Friends on the Journey

Written by
FH staff writer
Published on
August 26, 2021 at 4:06:00 PM PDT August 26, 2021 at 4:06:00 PM PDTth, August 26, 2021 at 4:06:00 PM PDT

It’s often said that the day a woman gives birth is the most dangerous day of her life. Sylvia Namakoye knows all too well the dangers of pregnancy and birth. Living in the rural village of Nabukhoma, Bukiende, Sylvia’s home was too far from the closest health centre to walk to her antenatal appointments. Nor could she afford to pay for transportation. As a result, she suffered sickness during her complicated pregnancy. “I did not do any work since I was very sick at home. My legs were swollen and my blood pressure was very high and I could not even walk. I hated myself because of what I was going through. I thought that God had forgotten about me.”

While Sylvia is a committed Christian, her circumstances caused her to be isolated during her pregnancies. She delivered her first five children at home without the help of a trained health worker.

With her sixth pregnancy, Sylvia was in trouble. She needed help. Thankfully, one of her neighbours is a Cascade health group leader who encouraged her to join her neighbourhood circle group and get connected to other mothers. At the time, they were being trained on maternal and child health.

For the first month, Sylvia never missed a meeting. But as her pregnancy progressed, so did her illness. Cascade group members visited her at home and realized she was very sick and should not—in fact, could not—walk to meetings anymore. Her new friends rallied around her and collected money to pay her transportation fare to the closest health centre. They made sure she had food to eat. They even moved their meetings closer to her house so she could still benefit from the health training.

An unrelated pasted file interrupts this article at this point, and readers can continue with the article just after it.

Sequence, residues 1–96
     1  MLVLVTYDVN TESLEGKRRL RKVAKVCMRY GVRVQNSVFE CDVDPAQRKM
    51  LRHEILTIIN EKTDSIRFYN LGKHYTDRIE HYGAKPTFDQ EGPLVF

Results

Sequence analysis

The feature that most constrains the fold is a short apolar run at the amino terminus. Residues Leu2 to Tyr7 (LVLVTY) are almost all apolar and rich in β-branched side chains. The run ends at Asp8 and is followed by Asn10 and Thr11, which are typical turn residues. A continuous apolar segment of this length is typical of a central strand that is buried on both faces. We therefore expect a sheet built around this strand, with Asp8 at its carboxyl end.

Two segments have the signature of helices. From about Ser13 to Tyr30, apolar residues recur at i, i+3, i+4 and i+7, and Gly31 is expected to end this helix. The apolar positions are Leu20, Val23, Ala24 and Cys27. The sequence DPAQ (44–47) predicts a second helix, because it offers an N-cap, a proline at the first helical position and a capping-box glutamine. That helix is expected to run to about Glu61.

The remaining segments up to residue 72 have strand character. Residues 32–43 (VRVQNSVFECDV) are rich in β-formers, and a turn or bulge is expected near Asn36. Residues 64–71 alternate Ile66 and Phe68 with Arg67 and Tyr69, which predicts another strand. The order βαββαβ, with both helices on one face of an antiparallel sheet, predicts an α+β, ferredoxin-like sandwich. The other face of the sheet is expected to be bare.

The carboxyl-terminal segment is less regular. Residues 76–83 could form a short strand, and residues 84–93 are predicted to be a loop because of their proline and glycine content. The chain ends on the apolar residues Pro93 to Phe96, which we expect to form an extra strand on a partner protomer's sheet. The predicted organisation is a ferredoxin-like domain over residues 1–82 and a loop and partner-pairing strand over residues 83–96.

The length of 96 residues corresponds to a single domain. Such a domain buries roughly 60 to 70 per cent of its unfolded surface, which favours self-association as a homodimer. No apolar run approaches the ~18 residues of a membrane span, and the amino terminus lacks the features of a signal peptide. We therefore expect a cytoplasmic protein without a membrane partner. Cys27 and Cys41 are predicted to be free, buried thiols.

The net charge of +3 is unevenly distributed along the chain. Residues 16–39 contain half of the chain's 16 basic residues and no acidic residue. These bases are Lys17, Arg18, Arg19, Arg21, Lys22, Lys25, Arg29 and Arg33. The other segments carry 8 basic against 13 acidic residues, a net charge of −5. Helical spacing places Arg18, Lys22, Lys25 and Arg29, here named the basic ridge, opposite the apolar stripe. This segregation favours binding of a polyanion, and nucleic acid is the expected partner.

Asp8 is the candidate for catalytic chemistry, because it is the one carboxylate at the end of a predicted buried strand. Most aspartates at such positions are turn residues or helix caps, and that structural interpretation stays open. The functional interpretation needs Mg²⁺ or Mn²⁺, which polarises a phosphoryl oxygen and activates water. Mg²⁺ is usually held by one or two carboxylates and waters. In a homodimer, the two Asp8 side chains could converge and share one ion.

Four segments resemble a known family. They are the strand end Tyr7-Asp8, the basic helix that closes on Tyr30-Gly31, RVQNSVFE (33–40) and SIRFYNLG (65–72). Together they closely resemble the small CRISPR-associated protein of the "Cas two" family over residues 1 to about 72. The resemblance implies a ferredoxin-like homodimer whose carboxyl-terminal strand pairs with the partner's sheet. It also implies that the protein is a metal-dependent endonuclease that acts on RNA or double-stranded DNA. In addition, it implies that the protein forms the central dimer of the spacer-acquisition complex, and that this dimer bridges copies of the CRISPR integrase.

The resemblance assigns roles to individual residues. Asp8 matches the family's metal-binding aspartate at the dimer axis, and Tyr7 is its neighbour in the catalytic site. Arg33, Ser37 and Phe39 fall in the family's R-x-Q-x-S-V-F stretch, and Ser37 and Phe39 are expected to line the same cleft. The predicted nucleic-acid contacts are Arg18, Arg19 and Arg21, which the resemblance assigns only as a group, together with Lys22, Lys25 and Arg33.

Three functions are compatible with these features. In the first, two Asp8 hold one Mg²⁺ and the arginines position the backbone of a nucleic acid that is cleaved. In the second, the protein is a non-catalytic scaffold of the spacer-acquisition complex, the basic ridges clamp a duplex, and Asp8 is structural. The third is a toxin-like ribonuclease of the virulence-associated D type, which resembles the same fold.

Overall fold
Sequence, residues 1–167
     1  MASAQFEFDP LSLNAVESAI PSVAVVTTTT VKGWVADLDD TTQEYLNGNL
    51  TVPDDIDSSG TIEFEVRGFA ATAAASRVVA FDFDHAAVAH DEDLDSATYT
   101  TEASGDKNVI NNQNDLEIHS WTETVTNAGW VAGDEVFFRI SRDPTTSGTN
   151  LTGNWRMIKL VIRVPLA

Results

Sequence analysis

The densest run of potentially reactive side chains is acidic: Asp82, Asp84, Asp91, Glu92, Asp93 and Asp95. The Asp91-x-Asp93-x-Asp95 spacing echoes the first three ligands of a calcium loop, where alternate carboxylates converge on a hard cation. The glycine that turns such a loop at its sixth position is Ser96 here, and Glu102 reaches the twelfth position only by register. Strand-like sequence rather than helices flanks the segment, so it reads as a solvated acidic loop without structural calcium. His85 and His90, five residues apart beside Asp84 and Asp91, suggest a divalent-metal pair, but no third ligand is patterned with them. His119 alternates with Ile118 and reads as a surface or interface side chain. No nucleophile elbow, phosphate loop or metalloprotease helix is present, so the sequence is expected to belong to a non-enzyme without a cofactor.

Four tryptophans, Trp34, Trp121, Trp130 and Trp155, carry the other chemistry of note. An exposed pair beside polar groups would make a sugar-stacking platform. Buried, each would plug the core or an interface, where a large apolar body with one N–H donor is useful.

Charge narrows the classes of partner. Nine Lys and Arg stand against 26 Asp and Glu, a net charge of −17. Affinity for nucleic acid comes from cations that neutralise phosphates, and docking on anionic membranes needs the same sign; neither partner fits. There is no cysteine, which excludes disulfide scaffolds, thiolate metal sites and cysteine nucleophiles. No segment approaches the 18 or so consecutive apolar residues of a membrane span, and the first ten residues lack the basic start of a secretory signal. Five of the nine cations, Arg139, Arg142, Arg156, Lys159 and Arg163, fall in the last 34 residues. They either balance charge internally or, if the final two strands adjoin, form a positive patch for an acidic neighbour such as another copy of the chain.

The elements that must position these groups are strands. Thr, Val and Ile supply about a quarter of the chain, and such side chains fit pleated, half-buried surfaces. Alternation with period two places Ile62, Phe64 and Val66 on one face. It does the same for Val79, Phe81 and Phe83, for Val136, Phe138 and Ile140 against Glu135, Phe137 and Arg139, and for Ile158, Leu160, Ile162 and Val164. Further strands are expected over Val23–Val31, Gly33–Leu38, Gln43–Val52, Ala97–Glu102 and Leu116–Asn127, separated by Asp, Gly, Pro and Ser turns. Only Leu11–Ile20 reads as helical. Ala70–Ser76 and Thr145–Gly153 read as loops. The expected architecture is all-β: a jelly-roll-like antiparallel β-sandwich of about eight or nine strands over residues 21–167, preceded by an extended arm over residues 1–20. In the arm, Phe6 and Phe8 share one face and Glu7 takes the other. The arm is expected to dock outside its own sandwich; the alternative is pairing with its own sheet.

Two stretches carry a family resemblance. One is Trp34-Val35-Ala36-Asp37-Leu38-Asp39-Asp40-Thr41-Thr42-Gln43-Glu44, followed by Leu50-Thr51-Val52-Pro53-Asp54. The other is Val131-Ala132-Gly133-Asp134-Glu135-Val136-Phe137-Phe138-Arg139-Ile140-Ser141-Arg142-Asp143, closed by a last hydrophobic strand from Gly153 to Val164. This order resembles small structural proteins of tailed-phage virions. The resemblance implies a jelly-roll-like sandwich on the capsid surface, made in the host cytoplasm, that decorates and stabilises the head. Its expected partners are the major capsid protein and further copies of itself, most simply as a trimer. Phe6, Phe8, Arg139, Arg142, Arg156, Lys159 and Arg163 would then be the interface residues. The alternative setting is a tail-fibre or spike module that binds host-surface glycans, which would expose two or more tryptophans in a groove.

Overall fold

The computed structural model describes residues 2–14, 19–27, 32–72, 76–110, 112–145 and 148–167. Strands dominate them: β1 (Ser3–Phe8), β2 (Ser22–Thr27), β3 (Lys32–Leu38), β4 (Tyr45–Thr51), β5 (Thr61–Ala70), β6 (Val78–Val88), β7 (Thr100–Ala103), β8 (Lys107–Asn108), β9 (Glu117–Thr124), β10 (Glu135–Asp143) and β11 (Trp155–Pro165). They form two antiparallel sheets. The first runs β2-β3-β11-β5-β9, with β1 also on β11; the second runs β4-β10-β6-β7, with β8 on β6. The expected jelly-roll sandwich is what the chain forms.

“The support from our group helped me to deliver a healthy baby, and after delivery, group members were supporting me emotionally, socially, and financially. For the first time, I managed to attend antenatal care and deliver my child at the hospital,” Sylvia says.

FH staff, health centre workers, and Sylvia’s Cascade group worked together to save not only her life, but also her baby’s. At the clinic, she was treated for high blood pressure and safely delivered her sixth child. Her group even used their personal funds to pay for her medication until she had fully recovered at home. FH staff connected Sylvia to the Rotary Club of Mbale who visited her at home, bringing food and other basic care items. “I felt loved and got to meet new people and friends,” Sylvia says. “I am now saved. I thank God for having enabled me to make it through life.”

“Before, people largely used local medication and they would go to traditional birth attendants to deliver,” Sylvia continues. “Some women would die and others would get obstetric complications. After FH intervention in our community, many people now believe going to hospital for antenatal care and delivery services is good and they have hope that they will always be well when in the hands of health workers.”

“My baby is inspirational to me and the entire community. I learned that there are those who are willing to help the less privileged.”

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